I’d like to state off the bat that I don’t have a lot of experience with numPy, and deeper explanation would be appreciated(even obvious ones).
Here’s my issue:
converted_X = X for col in X: curr_data = X[col] i = 0 for pix in curr_data: inv_pix = 255.0 - pix curr_data[i] = inv_pix i+=1 converted_X[col] = curr_data.values
Context: X is a DataFrame with images of handwritten digits (70k images, 784 pixels/image).
The entire point of doing this is to change the black background to white and white numbers to black.
The only problem I’m facing with this is that it’s taking a ridiculously long time. I tried using
rich.Progress() to track its execution, and it’s an astonishing 4 hour ETA.
Also, I’m executing this code block in the jupyter notebook extension of VSCode (Might help).
I know it probably has to do with a ton of inefficiencies and under-usage of numPy functionality, but I need guidance.
Thanks in advance.
Never ever write for loop in python on numpy data, that is how you make them faster.
Most of the times, there are ways to have numpy do the for loop for you (meaning, process data by batch. Obviously, there is still a for loop. But not one you wrote in python)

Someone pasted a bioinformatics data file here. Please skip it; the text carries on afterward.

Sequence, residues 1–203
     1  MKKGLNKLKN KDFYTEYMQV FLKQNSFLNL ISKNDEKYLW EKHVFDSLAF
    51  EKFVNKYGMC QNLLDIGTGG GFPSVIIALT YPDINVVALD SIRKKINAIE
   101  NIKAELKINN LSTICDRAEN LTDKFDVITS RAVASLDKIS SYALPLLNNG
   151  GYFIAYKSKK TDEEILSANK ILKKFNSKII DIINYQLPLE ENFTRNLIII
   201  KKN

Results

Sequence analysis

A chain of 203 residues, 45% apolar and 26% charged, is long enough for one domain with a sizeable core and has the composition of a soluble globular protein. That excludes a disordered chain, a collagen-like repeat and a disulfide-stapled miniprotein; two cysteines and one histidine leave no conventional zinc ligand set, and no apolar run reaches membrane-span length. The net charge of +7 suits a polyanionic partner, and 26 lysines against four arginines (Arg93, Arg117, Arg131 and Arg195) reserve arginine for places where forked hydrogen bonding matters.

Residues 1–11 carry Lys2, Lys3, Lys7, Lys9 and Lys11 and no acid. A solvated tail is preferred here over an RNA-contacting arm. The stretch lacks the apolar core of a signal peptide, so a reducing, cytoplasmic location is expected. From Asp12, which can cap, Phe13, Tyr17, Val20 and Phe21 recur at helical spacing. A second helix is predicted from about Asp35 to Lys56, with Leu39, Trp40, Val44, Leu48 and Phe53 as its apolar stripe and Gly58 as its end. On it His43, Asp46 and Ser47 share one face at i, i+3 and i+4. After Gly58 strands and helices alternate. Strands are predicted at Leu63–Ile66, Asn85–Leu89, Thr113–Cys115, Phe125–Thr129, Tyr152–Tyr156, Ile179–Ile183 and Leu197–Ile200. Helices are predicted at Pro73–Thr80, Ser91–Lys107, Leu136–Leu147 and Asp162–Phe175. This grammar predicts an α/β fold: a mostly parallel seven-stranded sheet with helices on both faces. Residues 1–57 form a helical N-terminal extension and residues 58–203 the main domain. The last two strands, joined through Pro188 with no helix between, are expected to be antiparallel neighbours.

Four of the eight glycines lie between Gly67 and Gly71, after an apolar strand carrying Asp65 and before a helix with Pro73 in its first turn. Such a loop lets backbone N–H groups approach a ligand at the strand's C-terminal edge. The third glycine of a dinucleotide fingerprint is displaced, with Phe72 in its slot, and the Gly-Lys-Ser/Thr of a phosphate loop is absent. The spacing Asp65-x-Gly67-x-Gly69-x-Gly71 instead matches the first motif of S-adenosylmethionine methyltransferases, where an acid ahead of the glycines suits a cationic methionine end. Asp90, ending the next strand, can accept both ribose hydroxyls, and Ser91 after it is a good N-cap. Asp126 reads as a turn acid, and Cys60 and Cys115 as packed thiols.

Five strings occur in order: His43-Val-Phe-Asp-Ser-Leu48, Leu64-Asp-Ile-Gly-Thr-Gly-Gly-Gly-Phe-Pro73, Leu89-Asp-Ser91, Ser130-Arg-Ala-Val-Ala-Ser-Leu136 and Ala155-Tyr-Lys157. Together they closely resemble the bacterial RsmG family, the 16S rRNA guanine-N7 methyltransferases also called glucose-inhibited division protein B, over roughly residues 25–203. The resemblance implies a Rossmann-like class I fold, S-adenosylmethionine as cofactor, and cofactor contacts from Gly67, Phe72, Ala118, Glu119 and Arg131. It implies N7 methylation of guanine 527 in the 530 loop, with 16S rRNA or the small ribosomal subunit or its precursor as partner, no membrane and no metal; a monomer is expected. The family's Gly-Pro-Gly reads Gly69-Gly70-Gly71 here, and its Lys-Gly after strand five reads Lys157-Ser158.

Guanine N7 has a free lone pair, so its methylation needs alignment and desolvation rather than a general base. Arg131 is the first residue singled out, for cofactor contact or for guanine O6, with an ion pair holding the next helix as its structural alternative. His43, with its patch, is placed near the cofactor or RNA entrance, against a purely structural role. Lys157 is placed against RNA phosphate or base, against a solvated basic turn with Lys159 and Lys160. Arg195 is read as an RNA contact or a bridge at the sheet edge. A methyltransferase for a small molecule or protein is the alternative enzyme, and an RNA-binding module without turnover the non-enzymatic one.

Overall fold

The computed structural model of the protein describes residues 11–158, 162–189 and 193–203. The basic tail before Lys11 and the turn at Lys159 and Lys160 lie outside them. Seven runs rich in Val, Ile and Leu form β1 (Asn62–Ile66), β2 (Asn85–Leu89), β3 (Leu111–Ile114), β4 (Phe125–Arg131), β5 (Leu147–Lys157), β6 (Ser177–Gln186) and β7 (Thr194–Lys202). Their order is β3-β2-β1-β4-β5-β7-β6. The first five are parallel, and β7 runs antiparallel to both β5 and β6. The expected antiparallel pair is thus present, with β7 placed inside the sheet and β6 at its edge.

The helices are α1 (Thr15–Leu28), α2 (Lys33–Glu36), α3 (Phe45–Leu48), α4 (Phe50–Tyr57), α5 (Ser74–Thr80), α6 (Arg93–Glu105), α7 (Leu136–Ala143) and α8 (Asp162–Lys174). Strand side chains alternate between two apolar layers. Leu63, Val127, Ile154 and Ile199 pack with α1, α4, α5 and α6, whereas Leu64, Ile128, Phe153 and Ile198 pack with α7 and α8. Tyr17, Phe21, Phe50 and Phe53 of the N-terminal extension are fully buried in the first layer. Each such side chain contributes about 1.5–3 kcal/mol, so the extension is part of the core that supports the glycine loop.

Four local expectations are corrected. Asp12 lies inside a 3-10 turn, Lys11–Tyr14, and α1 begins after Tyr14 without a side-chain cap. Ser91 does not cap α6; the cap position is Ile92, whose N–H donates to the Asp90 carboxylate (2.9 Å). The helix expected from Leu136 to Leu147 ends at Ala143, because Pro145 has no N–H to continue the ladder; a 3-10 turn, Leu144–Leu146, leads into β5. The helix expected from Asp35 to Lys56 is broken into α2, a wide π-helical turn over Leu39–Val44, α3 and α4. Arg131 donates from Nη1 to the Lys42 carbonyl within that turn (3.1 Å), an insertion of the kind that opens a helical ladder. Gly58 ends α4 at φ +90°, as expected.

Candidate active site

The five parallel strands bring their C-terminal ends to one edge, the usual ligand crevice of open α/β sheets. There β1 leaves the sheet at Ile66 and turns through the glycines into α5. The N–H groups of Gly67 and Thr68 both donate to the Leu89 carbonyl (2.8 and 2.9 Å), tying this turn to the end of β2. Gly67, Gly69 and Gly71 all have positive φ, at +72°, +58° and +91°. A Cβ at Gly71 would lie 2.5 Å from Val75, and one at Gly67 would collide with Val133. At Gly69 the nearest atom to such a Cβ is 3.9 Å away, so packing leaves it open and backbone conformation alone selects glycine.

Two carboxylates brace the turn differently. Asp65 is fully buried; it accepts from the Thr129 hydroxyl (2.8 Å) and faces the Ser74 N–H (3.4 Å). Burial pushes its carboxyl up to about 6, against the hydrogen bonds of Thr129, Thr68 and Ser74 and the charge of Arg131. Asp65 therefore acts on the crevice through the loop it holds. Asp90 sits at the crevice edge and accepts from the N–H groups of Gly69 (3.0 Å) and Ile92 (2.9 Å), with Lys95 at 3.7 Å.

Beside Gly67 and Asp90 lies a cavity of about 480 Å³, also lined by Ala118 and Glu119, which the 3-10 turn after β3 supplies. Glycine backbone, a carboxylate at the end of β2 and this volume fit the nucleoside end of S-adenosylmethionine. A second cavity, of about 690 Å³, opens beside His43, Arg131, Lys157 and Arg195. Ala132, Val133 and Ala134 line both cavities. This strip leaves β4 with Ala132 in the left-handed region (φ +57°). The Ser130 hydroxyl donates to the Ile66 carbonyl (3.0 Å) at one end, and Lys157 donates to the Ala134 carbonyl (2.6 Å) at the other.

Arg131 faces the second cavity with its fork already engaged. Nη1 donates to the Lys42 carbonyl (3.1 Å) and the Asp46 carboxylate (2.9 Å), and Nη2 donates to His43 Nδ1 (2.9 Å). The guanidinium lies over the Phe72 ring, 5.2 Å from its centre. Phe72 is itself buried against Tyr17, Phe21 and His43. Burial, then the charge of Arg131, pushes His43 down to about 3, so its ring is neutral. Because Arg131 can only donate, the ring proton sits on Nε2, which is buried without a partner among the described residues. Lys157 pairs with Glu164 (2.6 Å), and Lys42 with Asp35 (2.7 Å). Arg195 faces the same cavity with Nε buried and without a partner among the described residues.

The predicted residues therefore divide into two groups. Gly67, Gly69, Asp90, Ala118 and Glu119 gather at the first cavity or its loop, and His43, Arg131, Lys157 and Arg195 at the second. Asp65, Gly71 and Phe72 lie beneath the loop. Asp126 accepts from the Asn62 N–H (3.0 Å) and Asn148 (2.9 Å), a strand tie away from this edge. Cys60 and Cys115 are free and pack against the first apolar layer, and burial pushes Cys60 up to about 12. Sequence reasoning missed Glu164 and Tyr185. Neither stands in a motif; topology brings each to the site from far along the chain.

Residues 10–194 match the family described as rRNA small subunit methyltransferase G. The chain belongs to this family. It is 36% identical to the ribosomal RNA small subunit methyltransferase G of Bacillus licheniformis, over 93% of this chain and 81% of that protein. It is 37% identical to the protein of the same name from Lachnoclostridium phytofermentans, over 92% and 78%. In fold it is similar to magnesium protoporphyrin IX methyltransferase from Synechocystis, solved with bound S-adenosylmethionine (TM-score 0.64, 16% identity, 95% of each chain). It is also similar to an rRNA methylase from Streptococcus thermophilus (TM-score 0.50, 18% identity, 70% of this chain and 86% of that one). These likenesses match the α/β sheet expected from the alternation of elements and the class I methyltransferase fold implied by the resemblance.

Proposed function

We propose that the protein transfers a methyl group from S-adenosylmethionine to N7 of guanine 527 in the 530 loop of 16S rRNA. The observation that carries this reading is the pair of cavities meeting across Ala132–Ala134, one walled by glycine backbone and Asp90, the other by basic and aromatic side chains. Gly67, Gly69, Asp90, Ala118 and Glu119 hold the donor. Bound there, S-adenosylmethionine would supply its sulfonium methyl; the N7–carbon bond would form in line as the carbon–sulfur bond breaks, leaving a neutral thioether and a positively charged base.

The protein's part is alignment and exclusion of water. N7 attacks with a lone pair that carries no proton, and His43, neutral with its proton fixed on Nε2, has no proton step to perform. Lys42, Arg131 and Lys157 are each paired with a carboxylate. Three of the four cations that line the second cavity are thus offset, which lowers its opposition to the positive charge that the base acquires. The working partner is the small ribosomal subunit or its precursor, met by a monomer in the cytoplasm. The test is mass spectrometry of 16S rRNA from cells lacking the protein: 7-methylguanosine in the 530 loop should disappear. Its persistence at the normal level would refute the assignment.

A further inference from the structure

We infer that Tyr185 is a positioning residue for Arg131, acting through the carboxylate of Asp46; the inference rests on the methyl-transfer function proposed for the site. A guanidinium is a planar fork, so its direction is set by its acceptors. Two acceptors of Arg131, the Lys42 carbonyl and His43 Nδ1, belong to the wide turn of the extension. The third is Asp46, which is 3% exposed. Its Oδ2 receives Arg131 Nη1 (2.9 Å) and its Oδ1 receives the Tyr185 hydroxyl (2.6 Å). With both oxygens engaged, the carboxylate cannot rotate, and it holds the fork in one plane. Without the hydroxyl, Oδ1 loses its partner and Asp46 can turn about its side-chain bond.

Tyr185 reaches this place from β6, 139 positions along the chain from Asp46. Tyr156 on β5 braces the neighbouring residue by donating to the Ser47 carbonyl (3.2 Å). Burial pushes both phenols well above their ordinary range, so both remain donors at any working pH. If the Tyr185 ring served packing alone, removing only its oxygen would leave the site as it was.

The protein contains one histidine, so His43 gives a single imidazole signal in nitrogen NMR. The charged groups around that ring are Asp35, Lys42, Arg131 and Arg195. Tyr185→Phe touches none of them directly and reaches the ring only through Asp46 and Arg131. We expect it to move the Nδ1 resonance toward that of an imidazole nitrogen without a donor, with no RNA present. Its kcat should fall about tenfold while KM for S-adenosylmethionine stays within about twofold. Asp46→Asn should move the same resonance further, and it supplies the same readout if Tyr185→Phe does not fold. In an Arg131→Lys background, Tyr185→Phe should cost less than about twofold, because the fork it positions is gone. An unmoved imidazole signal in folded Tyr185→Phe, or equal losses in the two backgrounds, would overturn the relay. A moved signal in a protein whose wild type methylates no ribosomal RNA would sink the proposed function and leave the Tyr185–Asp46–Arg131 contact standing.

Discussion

Here, it seems you are trying to compute an inverted image, whose pixels are 255-original pixel.
inverted_image = 255-image
Addition: note that as a python array, numpy arrays are quite inefficient. If you use them just as 2D arrays, that you read and write with low level instruction (settings values individually), then, most of the time, even good’ol python lists are faster. For example, in your case (I’ve just tried), on my machine, your code is 9 times slower with ndarrays than the exact same code, using directly python list of list of values.
The whole point of ndarrays is that they are faster because you can use them with numpy functions that deal with the whole data in batch for you. And that would not be feasible as easily with python lists.
If X is a numpy array, you can do the following, without any loops:
converted_X = 255.0 - X